books · projects · reading · yarns

because it’s pretty

I love Jane Austen books. Love! And wouldn’t you know there are Jane Austen inspired knitting books? See how your world of knitting and reading just expanded? You’re welcome.

IMG_3398.JPG

Not that I wear this period’s fashions but the shawls in this book are so lovely. The author  has snippets written of what life was like during Austen’s time. A bit of history about the fashion to be knit tucked between patterns. It is a sweet book. There are several designs that I plan to knit.

IMG_3397.JPG

Margaret Dashwood’s Shawl. I had yet to knit anything from this book so I chose something simple. I purchased some inexpensive yarn from the craft store ~ a whopping $2.99 plus a 40% off coupon! Yep. This little gem was almost free to knit if you consider how much I have left on the 678 yards skein. This yarn…so incredibly soft. Washable. Perfect for this project. I’ll hand wash this like any other hand knit. I did put some effort into it and I like it to last as long as possible.

IMG_3350IMG_3351

A bit of blocking may be a nice idea, but Olivia does show this well. I like how it drapes around her shoulders. She won’t wear it though. Says it’s an old lady scarf. Awesome.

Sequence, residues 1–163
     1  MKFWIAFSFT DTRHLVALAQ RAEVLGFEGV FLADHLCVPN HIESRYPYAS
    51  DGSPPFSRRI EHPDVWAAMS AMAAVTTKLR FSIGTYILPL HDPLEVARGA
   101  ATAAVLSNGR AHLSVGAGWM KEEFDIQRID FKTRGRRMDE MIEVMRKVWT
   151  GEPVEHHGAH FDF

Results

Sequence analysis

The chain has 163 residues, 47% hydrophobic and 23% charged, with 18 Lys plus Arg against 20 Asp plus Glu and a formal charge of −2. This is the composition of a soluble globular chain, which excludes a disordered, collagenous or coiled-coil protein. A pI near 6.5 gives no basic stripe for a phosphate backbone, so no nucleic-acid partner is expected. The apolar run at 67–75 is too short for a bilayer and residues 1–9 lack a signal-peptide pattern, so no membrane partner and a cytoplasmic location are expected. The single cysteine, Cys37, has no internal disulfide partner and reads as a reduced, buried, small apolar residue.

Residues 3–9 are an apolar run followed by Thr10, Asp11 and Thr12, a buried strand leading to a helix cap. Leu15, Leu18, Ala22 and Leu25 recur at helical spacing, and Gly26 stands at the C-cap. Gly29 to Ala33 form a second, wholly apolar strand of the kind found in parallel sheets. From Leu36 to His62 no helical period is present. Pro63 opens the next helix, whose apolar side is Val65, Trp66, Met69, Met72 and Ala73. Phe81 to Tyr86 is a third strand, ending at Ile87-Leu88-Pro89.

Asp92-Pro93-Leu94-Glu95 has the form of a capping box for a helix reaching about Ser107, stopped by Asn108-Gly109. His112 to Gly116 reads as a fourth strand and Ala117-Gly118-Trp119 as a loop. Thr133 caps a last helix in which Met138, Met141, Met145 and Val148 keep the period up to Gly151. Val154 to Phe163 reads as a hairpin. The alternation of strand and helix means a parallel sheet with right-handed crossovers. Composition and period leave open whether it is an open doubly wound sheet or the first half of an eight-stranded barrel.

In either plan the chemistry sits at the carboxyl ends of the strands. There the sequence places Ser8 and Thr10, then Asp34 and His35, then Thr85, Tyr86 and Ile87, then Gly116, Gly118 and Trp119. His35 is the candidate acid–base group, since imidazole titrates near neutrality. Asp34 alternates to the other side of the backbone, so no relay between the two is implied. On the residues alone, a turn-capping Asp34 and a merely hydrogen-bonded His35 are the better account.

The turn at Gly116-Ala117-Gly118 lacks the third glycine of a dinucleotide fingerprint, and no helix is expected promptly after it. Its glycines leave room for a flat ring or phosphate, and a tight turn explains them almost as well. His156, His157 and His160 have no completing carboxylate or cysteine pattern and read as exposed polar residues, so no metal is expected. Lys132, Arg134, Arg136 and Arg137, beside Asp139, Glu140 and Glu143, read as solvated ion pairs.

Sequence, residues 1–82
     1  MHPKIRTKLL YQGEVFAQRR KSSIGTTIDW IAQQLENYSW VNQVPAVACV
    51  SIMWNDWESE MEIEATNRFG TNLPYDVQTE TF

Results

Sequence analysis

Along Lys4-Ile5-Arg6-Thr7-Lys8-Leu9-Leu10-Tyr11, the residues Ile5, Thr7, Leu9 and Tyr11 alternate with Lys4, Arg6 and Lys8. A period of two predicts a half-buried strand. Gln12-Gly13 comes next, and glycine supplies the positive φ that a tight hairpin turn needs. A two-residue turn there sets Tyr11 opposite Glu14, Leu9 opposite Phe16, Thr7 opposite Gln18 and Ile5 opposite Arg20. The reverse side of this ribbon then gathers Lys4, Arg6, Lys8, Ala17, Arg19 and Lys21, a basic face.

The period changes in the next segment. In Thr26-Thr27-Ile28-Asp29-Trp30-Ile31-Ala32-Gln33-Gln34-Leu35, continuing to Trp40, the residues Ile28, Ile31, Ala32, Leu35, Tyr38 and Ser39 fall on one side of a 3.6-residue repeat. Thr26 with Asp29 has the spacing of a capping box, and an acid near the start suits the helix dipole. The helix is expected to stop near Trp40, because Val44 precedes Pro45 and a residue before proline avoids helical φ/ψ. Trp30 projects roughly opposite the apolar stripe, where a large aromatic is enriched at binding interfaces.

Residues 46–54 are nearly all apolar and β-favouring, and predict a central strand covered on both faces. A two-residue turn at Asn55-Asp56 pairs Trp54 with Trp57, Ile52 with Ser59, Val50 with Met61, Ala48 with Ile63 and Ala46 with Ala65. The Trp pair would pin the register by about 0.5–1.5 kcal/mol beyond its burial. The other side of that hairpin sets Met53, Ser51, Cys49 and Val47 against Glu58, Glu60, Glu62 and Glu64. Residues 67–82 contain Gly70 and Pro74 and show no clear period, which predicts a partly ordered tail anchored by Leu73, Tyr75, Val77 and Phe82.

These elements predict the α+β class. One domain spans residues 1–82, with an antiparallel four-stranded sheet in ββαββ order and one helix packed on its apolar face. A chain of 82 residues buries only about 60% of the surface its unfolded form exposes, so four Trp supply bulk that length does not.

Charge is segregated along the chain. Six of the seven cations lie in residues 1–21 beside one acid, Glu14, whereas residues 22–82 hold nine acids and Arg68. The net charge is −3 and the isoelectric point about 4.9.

Advertisements
daily life · the garden

bits in the garden

I was out looking in the back yard and was surprised to see tomatoes growing from our (1) plant. I had given up on our little tomato even though it was growing. There are no signs of withering but there have not been any blooms either. Zilch. We purchased it late, and it has given us one tomato ~ back in June after we brought it home. The garlic chive from last year is just starting to bloom as well. I figured the season was over for these two plants and we would have to continue to take hand-outs of tomatoes from our neighbors. Apparently, we are the only ones that grow garlic chives…and we don’t having anyone knocking down our door for them.

Our raspberries are about to produce again. We have a pair of two-season producing bushes and we love to pick some berries every morning. Blackberries are doing awesome but I think those are fall plants? I’m not surprised by these plants doing so well in mid August.